Fighting sickle cell disease using a type 2 diabetes medication
Dr. Vivien Sheehan, assistant professor of pediatrics at Baylor and Texas Childrens Cancer and Hematology Centers
Sickle cell disease and the blood disorder beta thalassemia affect more than 180,000 Americans and millions more worldwide. Both diseases can be made milder or even cured by increasing fetal hemoglobin (HbF) levels, but current treatment to ramp up HbF is limited in its effectiveness. Researchers at Baylor College of Medicine and Texas Childrens Cancer and Hematology Centers have discovered a gene, FOXO3, involved in controlling fetal hemoglobin production and were able to target the gene and turn on fetal hemoglobin levels in patient samples in the lab using the diabetes drug metformin. This offers promising new treatments the first new drug treatment for sickle cell disease in 30 years and the first ever for beta thalassemia.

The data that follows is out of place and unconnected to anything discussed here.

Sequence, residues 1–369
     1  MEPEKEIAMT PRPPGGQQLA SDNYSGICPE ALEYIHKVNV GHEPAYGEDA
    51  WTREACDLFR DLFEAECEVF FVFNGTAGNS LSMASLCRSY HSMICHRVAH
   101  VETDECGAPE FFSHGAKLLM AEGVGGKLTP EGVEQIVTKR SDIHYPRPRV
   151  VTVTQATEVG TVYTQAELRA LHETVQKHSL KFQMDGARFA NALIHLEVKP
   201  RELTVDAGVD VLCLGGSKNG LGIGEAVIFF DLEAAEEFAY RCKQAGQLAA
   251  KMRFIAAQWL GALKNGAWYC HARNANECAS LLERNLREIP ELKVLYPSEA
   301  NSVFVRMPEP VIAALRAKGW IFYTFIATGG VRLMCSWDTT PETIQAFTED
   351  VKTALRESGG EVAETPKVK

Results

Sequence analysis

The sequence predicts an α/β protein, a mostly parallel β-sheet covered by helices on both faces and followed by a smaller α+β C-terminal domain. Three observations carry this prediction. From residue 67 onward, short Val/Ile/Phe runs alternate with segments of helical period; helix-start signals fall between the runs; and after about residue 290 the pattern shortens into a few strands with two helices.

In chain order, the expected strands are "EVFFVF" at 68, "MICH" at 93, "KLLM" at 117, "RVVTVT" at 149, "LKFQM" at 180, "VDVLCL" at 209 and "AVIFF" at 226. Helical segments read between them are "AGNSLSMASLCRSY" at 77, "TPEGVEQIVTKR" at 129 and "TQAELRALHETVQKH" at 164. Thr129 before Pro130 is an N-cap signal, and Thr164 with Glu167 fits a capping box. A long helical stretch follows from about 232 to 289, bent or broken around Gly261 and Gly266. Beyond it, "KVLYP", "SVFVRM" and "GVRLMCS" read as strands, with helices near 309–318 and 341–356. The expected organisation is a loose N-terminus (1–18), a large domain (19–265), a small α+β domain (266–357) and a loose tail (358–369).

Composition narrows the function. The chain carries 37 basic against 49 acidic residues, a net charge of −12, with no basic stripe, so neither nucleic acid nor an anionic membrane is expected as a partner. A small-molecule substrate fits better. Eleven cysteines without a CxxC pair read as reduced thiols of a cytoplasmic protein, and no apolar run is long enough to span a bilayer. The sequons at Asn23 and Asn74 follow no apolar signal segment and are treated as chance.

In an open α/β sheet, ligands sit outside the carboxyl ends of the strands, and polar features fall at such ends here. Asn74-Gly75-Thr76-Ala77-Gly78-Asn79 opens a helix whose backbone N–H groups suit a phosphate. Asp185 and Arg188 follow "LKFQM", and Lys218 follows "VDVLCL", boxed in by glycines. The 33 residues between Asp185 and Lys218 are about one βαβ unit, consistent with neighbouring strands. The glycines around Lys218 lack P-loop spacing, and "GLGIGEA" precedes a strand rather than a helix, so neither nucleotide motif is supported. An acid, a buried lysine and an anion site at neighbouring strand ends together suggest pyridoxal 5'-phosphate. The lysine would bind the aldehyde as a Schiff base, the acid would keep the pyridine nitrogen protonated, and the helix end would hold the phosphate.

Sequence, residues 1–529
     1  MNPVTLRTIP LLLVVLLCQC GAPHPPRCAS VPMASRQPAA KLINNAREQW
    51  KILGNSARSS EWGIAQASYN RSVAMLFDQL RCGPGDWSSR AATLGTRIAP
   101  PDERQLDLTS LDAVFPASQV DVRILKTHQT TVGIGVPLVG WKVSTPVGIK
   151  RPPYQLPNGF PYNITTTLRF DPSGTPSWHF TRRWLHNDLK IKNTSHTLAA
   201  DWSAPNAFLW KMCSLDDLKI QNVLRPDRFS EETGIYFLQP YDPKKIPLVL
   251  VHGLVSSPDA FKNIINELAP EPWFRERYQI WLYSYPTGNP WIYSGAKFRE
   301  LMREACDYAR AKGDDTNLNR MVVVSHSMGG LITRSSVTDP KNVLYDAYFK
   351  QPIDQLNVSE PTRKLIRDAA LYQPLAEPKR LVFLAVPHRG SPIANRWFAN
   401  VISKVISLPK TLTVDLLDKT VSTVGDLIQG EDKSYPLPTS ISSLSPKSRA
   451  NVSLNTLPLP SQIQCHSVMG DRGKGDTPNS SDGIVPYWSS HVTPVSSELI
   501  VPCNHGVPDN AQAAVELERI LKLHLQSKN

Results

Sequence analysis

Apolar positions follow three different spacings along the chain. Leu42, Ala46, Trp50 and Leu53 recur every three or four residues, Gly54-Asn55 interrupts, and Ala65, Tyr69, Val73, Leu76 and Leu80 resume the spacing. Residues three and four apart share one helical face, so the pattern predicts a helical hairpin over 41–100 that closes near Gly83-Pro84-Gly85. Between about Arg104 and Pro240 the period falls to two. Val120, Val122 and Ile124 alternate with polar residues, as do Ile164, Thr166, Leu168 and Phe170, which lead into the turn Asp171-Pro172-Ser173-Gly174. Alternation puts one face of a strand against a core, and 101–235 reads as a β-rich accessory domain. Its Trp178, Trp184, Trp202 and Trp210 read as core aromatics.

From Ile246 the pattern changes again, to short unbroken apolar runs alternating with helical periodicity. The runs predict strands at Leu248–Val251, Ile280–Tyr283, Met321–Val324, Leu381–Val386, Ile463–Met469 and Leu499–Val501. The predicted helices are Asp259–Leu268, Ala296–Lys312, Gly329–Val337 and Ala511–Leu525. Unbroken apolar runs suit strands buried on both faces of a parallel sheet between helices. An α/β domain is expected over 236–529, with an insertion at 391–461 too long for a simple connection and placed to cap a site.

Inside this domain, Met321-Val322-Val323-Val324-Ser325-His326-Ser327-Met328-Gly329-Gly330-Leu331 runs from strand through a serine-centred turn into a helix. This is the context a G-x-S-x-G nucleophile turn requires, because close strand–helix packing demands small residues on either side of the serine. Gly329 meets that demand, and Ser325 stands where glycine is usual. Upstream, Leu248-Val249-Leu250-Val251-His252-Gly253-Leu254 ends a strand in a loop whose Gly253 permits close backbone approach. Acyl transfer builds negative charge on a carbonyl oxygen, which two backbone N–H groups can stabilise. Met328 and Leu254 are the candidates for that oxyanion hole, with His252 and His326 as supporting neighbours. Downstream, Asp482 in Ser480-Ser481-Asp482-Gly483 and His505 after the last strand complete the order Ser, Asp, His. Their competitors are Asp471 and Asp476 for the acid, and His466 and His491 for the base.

It was a major breakthrough to show that a common drug already in use for type 2 diabetes could be a treatment for sickle cell disease by inducing fetal hemoglobin, a type of hemoglobin that doesnt become sickle shaped but is usually turned off in infancy, said Dr. Vivien Sheehan , assistant professor of pediatrics at Baylor and Texas Childrens Cancer and Hematology Centers and lead investigator of the research. This is an exciting example of collaborative, bench-to-bedside research that has now resulted in a clinical trial that is already enrolling patients.
Sheehan launched this research as a clinical fellow at Baylor College of Medicine in 2011 with the goal of identifying new drug targets to help sickle cell patients make more f Continue reading